How to communicate with your contractor
I am so excited to be chatting with Aaron Patterson from Patterson Custom Builders today about remodeling your home! One of the hardest things for clients to do is to accurately convey their vision to their contractor. Here are six tips directly from contractor Aaron Patterson on how to explain what you want to your contractor.
Come prepared with a budget
"Kitchen remodels require some legwork," says Patterson. "If you don't have any idea in terms of the design of your kitchen, you'll need to, at minimum, have a sense of budget. Do some research on appliances to get a sense of what they cost. For instance, does your budget call for a $20,000 kitchen, which tends to be at the entry level end of the scale, or are you looking at a "Beverly Hills kitchen" of $50,000? This will help determine whether you should be looking at a $2,000 cooktop stove or a $20,000 one."
Find examples you love
"Go online or leaf through magazines, and clip images that resemble what you want to accomplish," Patterson suggests. Bring these to your first meeting with your contractor so he/she can quickly visualize what you are envisioning.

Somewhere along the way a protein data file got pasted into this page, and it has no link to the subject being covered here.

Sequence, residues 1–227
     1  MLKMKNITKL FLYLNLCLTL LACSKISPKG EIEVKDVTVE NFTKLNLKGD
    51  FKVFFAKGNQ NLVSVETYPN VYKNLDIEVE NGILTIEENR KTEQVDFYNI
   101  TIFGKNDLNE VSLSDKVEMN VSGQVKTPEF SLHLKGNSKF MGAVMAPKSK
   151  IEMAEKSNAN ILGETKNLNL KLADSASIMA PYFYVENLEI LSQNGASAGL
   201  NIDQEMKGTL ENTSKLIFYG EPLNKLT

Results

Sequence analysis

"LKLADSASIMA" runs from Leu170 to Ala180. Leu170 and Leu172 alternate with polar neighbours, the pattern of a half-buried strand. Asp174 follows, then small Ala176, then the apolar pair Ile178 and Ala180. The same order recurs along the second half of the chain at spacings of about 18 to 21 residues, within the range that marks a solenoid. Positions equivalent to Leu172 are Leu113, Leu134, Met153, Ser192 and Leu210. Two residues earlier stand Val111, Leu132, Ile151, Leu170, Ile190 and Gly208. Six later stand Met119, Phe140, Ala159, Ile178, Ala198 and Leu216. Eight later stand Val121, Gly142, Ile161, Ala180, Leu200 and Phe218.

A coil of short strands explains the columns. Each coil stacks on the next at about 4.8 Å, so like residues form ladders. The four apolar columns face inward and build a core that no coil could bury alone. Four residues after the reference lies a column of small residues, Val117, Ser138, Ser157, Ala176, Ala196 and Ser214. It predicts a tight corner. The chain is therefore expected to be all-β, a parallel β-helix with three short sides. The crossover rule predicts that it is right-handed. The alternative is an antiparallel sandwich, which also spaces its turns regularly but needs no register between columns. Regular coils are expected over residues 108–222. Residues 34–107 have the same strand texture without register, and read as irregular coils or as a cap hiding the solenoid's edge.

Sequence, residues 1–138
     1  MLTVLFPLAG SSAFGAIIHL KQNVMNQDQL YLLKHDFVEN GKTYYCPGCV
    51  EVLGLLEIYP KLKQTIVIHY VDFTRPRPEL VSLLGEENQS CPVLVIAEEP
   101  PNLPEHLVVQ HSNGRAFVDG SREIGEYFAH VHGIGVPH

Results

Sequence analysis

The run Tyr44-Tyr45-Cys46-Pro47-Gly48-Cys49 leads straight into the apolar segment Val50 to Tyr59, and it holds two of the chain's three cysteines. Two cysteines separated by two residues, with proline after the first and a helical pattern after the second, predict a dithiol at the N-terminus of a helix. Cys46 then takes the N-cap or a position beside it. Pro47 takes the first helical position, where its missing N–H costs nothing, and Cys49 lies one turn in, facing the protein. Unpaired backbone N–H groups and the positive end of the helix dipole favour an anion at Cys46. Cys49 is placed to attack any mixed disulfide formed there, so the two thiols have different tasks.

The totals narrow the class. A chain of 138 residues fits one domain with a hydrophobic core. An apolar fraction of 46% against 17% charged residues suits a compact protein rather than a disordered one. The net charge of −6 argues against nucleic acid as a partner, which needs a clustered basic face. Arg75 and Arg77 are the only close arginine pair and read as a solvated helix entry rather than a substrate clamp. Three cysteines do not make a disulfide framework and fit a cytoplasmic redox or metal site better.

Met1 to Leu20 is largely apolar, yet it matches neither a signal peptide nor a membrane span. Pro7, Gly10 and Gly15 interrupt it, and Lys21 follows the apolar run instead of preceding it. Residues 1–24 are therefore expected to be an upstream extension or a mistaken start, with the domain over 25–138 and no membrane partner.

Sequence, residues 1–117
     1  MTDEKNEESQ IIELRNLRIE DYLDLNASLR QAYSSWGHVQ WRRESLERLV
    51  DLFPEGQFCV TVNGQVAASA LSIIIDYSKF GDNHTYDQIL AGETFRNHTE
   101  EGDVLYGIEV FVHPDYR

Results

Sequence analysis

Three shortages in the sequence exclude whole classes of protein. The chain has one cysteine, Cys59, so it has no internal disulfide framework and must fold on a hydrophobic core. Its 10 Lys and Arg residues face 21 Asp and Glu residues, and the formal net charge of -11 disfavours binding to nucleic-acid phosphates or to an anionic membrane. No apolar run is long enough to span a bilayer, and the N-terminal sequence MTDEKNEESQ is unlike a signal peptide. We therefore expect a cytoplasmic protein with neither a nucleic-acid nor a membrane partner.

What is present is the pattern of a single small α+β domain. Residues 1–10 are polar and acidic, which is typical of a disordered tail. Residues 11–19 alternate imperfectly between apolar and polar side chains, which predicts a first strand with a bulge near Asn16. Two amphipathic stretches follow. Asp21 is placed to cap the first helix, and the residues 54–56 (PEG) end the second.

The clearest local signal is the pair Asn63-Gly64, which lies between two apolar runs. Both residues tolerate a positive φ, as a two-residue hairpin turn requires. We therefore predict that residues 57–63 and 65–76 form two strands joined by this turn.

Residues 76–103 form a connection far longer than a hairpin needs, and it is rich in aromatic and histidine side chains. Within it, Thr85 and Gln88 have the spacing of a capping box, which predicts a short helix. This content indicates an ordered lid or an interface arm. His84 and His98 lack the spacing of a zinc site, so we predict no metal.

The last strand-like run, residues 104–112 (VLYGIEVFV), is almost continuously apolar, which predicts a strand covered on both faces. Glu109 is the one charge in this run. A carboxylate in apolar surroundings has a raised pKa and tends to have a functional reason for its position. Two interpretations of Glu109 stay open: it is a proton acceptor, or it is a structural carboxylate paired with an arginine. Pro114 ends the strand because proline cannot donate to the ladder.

Sketch it up
"You can also make your own sketches for the contractor," Patterson says.
Especially if you have a particular layout or style in mind, if you can't find a photo that accurately portrays what you want, do a quick sketch to show your contractor. And don't worry — it doesn't have to be perfect to convey your vision.
Think about function
Truly think about what you want your room or space to accomplish for you, especially for rooms like your kitchen that will most likely be used a lot.
Patterson suggests for you to "think about what your kitchen means to you. Is it a place where the family congregates throughout the day, or are you a busy bachelorette who uses the refrigerator as a place to store a few bottles of water and takeout, and has never turned on the stove? The function of your kitchen is central when it comes to your remodel."
"Where do you want your recycling and garbage placed, and do you need these areas to be substantial or compact?" Patterson asks. "I'm seeing large families request bigger refrigeration units and sometimes two dishwashers, while singles and couples are desiring lots of clean counter space for drinks and appetizers, and plenty of room to sit and mingle."
It's all in the details
"Be detailed," Patterson advises. "It's better to over-communicate than under-communicate. Pick a contractor who regularly works in the design style that matches your own, so your project will move faster and have authenticity. And notice whether or not your contractor listens to and seems interested in what you are saying, and takes it seriously. It also helps to select someone with a passion for building and design, not just putting up structures to fund their next six-pack of beer."
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